Professional Development



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Professional Development

Cover Letter Outline

Your Address

City, State, Zip

Date
(Ms. or Mr.) I.M. Hiring
Personnel Manager
Name of Company
Company Address
City, State, Zip

Dear (Ms. or Mr.) Hiring:

Your opening paragraph should arouse interest on the part of the reader. Tell the employer why you are writing the letter. Do not say in the first paragraph that you are looking for a job. Give information to show your specific interest in the company.

Your middle paragraphs should create desire. Give details of your background that will show the reader why one should consider you as a candidate. Be as specific as possible about the kind of a job you want. Don't make the reader try to guess what you would be interested in.

Refer the reader to your general qualifications on your enclosed resume or other material. Use as much space as you need to tell your story but keep it brief and to the point.

In your closing paragraph you ask for action. Ask for an appointment suggesting a time when you will contact the individual. You may now list your dates of availability.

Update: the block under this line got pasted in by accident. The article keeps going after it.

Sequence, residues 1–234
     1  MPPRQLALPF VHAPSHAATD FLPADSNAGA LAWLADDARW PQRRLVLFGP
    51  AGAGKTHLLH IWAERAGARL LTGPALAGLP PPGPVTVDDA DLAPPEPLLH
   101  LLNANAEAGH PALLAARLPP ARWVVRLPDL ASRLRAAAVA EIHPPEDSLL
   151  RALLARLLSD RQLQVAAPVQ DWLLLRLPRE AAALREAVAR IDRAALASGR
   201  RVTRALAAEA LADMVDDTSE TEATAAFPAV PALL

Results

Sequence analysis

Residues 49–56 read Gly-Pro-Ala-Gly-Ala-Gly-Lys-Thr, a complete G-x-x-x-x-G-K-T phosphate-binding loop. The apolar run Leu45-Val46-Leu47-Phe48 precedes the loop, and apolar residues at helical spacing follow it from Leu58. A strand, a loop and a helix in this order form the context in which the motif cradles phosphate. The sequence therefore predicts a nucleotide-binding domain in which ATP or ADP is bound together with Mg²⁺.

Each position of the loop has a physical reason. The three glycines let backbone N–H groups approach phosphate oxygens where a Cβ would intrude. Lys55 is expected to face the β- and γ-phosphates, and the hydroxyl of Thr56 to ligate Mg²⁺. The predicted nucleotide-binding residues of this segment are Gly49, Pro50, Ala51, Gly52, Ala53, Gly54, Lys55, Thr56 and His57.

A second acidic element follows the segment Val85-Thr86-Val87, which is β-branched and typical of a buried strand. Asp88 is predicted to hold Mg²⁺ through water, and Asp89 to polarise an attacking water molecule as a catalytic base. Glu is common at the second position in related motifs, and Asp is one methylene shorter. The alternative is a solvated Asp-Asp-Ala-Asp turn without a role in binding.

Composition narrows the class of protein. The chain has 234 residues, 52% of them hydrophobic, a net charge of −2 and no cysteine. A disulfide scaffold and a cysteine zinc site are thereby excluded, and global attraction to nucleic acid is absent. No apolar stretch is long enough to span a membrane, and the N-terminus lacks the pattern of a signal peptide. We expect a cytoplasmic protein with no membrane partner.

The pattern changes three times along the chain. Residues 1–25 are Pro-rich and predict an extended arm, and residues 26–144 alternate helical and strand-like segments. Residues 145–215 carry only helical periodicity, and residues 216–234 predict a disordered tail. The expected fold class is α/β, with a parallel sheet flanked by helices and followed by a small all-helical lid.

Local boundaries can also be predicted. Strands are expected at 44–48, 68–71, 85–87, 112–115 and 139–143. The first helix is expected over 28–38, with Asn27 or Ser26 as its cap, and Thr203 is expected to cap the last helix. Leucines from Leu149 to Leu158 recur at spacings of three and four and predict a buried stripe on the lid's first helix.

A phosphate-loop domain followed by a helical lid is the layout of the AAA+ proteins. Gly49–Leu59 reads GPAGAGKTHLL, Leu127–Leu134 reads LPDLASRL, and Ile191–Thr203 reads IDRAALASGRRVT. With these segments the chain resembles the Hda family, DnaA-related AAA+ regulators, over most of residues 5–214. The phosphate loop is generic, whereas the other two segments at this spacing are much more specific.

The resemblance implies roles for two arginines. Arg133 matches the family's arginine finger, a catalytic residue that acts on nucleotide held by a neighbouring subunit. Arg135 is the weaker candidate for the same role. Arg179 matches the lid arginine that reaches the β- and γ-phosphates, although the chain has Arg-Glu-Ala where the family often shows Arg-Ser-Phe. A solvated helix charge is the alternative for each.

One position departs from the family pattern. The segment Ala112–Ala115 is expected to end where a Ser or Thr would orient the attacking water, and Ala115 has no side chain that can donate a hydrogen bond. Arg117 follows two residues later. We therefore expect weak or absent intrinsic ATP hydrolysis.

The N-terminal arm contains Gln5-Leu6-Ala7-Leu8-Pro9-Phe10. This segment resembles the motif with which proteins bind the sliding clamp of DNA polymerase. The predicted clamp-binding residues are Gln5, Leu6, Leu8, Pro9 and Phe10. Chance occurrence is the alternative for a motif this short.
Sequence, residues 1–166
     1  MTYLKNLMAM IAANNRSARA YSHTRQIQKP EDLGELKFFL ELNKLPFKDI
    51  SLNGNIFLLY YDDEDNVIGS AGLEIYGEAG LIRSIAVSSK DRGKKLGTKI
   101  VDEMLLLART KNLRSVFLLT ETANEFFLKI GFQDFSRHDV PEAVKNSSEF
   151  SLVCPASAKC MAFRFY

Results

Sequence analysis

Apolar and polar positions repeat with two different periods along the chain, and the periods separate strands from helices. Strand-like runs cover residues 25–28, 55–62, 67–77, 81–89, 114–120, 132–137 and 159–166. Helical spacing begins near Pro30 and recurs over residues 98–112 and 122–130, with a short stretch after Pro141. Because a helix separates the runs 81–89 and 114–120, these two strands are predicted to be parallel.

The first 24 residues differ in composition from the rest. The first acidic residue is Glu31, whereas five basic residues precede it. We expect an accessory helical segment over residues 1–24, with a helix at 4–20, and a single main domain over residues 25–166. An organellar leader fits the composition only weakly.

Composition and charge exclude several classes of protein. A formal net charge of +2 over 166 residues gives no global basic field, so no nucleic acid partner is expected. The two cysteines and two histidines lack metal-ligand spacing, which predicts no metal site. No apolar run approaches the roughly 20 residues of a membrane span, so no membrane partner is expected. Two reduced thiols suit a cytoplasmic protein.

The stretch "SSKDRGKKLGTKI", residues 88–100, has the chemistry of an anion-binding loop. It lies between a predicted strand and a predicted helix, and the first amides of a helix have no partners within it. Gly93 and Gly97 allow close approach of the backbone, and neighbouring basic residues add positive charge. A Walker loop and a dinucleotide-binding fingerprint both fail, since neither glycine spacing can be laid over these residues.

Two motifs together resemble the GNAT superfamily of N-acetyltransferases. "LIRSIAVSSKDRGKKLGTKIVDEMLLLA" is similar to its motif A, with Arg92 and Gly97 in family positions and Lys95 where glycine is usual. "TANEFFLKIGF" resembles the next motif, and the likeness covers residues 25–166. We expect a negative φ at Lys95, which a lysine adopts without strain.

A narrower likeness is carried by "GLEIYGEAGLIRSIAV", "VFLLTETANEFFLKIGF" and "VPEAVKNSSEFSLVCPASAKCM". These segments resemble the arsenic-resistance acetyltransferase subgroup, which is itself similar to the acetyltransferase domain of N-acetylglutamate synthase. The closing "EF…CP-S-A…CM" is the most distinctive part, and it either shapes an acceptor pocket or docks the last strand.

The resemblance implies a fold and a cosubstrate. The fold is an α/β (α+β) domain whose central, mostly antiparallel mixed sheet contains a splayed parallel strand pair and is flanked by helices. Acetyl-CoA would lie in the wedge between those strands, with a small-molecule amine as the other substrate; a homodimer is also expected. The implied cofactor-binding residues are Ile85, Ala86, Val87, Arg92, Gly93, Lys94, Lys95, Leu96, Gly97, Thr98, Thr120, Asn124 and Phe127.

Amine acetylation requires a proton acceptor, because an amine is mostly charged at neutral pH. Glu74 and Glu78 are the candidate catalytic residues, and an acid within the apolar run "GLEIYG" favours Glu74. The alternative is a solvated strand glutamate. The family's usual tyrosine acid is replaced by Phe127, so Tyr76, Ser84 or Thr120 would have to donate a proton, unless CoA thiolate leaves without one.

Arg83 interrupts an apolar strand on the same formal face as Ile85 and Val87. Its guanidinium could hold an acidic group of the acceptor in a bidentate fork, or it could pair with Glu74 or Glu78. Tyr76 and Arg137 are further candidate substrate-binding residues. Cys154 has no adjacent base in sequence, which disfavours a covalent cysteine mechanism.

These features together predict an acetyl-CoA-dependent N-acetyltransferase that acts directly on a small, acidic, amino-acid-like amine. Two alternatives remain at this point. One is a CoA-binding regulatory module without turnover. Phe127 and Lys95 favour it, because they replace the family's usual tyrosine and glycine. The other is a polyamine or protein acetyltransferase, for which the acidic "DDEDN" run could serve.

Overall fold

Sincerely yours,

[Your Signature]

Type your name here

Design 101

Design for All Print Materials

Four Design Principles:


  • Contrast (making elements look very different from each other)

    • If you use one script font, use a sans-serif font with it

  • Repetition (continuing the same idea throughout the design)

    • Use the same logo, colors, lines, etc. to stay consistent

  • Alignment (organizing elements to look unified)

    • You can justify design to the right, left, center (and sometimes more), just pick one and stick with it.

  • Proximity (placing related items together)

    • For events, put the time, date, location, etc. in the same place.


What else is important?

  • Audience (designing to attract a specific audience)

    • Ask yourself who is your audience and what do they want?

    • The elderly need bigger font sizes and probably wouldn’t enjoy a fluorescent yellow flyer.

  • Typography (using two readable, contrasting fonts)